Motorola Edge (2022) Review: The Edge of Glory
Battery performance continues to be one of the core strengths of Motorola phones. Despite the slim design, Moto has stuffed here a large 5,000 mAh battery. I get a little nervous when a company offers a big battery into a very thin phone? Probably. But I haven’t noticed any problems yet. Motorola says the phone has a thermal control system to prevent overheating with “a built-in temperature sensor to monitor the temperature at all times.”
The good news is that this battery can last almost two days on a single charge with average usage. On a power outage day and I relied on Edge only, it lasted all day, with over seven hours of screen use and still about 20% left at 2am. It is quite spectacular.
Overall performance is also outstanding. Edge is powered by a MediaTek Dimensity 1050 chip and I didn’t see any major stutters or lags. Sometimes the camera app can take a few extra seconds to load completely, but games like Apex Legends Mobile ran without a hitch (phone only warmed up a bit after two matches). This chip adds support for 5G under 6 (mmWave too, but this depends on the model and where you buy it), so you don’t get downgraded to slower 4G LTE.
The stereo speakers on this phone aren’t terribly loud, but they sound pretty good. However, if you were hoping for a headphone jack, you’ll be disappointed. You also won’t find a microSD card slot; these are features that have disappeared from flagship phones and now they are also disappearing from mid-range handsets. You’re left with 128 GB of internal storage in the base model, although you can upgrade to 256 GB.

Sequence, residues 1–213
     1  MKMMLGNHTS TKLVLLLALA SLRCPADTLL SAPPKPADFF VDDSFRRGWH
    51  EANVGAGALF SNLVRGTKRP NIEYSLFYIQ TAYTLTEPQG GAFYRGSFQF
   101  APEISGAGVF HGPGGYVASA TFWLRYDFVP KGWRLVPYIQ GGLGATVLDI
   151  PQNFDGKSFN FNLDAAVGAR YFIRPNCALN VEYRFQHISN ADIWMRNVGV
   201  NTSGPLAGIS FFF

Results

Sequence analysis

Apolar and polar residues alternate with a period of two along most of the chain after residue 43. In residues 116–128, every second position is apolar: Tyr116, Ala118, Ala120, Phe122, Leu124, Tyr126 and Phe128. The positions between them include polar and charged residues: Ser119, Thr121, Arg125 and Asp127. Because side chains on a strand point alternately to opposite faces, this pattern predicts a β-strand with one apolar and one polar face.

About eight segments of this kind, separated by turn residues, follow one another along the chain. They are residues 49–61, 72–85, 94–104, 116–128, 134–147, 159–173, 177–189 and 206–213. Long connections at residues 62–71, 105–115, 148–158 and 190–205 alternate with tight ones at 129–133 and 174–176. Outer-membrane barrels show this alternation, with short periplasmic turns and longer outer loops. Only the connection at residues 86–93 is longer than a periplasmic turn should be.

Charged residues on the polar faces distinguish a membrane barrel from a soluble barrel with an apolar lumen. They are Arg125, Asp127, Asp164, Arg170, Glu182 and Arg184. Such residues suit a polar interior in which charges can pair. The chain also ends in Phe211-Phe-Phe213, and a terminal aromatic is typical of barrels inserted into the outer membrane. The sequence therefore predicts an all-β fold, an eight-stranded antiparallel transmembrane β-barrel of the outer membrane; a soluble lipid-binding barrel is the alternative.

Another incident? The IP52 . rated water resistance. It protects the phone from rain, but not from accidental immersion in water. Both are cheaper Google Pixel 6A and Samsung Galaxy A53 have an IP67 rating, so unfortunately Motorola can’t match them.
The Edge runs Android 12 out of the box and Motorola doesn’t meddle with the operating system much, which is always a good thing. Its “Ready for” platform allows you to wirelessly connect your phone to other displays around you (if they support Miracast) to enable the Android desktop experience, or you can use a cable . I found it useful when I tried it on Motorola Edge+ earlier this year—Special for making video calls on TV while in use phone as webcam. I tested the new Edge with my LG C1 and it had no problems connecting.
So far so good, but all good things must come to an end: Cameras are notoriously a weak link on Motorola phones, and that doesn’t change here. There’s a 50MP main camera and a 13MP ultra-wide lens (with macro mode), not to mention a 32MP selfie camera.
The ledge maybe Take great photos during the day, and with Motorola’s Night Sight mode, you maybe Takes some pretty good low-light shots if you can stay still while pressing the shutter button. However, I have also seen some suspicious photos emerge from the handset.